In my experience, character creation can easily take over two hours. That’s two hours of looking through books, mumbling stats and checking balance, asking the same questions over and over, figuring out how to calculate AC for the ninetieth time—and this is with experienced players!
This process takes even longer if you have new players at the table. They rarely have a solid idea about what type of character they’d like to play. They don’t know the rules of the game. They aren’t even sure if they really want to play Dungeons and Dragons—hint: a two-hour character building session with archaic rules and seemingly random numbers is NOT a great first impression.
So, how can you speed up the fun? Create characters IN A GAME!
This is a method that I experimented with quite recently. I gave my players two instructions: roll basic stats (strength, dexterity, and the like) and choose a profession. The characters start off as level 0 villagers, performing their chosen professions when [enter story hook]. In my game, the players (a blacksmith and a carpenter) witnessed a night battle between two armies, and received an intelligence report by a dying knight and told to take it to the Emperor.
As they progress through the game, the players face all of the common occurrences for a normal D&D game (scaled down for classless villagers), and I observe the way they react to the challenges. If they sneak around and try to flank the enemy, they might become a rogue; if they attack it head on, a fighter.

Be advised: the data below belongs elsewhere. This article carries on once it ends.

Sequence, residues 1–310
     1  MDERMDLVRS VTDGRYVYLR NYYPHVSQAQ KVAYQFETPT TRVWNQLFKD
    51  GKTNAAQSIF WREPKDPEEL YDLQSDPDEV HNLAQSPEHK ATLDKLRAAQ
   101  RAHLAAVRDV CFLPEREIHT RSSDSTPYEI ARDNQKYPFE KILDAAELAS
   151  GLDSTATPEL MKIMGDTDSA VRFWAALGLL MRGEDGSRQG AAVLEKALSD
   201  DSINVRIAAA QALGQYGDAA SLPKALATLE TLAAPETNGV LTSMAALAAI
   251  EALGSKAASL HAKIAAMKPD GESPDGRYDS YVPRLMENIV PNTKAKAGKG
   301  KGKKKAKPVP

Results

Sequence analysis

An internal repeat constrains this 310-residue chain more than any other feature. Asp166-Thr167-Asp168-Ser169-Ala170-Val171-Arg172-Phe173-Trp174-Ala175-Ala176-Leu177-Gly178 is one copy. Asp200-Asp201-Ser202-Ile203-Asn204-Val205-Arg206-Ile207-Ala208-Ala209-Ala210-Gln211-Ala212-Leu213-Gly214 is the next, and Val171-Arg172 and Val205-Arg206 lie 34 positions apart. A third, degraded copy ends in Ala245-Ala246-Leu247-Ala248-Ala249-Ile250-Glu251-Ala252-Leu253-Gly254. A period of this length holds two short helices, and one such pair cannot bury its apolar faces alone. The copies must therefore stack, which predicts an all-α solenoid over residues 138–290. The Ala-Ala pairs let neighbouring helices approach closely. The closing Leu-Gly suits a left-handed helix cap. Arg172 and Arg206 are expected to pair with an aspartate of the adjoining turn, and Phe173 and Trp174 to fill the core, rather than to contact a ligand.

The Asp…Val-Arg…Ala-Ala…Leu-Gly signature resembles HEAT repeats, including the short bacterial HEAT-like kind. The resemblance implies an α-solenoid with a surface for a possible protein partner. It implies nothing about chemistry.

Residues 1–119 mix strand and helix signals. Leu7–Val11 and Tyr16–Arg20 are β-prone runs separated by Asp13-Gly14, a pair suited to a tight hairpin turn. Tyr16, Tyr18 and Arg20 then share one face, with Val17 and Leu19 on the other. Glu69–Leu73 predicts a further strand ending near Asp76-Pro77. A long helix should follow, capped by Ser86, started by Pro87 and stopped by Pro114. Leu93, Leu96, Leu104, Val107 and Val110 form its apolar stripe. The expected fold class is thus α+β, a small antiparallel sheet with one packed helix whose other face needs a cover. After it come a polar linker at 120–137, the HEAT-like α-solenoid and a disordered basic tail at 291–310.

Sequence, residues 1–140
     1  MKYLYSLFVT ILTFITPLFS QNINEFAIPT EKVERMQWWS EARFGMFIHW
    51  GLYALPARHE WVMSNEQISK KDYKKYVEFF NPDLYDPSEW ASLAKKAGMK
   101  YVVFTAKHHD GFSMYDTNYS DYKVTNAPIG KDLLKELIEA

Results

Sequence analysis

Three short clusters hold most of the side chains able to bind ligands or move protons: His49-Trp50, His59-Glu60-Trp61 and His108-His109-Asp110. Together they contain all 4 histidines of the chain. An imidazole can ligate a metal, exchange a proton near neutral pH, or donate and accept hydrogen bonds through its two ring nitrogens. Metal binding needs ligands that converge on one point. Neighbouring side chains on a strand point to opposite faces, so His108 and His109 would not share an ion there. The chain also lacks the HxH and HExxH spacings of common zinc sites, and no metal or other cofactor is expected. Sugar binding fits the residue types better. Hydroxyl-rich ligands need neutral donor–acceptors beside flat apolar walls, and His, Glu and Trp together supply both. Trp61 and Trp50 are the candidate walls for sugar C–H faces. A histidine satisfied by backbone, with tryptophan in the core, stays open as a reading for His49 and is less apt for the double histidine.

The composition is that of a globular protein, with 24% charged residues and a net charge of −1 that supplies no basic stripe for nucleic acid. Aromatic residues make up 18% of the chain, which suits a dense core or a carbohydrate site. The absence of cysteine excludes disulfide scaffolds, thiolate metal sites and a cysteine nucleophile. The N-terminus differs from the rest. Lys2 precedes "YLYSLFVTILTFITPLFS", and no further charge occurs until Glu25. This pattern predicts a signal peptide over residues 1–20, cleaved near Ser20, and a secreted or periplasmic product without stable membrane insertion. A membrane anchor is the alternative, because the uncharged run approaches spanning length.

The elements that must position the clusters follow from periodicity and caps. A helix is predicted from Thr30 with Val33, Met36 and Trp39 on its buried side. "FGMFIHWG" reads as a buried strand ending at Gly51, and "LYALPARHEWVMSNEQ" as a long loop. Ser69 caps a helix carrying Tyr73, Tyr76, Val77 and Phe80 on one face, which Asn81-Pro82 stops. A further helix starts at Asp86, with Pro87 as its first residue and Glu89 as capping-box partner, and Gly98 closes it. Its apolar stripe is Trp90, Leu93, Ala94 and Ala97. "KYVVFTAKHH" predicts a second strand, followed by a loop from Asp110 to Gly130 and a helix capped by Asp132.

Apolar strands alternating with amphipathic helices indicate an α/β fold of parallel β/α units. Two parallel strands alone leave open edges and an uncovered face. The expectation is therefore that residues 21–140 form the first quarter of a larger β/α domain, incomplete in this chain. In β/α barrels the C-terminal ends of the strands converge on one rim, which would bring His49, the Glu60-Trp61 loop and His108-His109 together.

During this time, I also introduce the players to the main conflict of the campaign and acquaint them with the world. Just like villagers who have never ventured more than a few miles from their town, the players do not know much about their surroundings—show them, don’t tell them.
By the time the players finish the character building adventure—with a heroic climax and tantalizing cliffhanger—they will have learned the rules and formed their own style of play. They will now be much more efficient at choosing their character class and setting up their character sheets with essential feats and skills.
In my game, my two players—one being relatively new to D&D—ended up becoming a fighter and the other fell right in the middle between rogue and ranger. Both were enjoying their characters and has a good grasp on the geography and politics of my world. The game ended when they were injured in a heroic, outnumbered battle holding off enemy forces. They wake up, finding themselves being healed by their countrymen deep in the heart of the resistance. The stage is set for the next game.
So now your players have created their characters; they know the rules, they know the world, and they know the conflict. By the time the next game rolls around they will be more excited, more prepared, and more devoted to their characters. And even better, you just spent two hours having a LOT MORE FUN!
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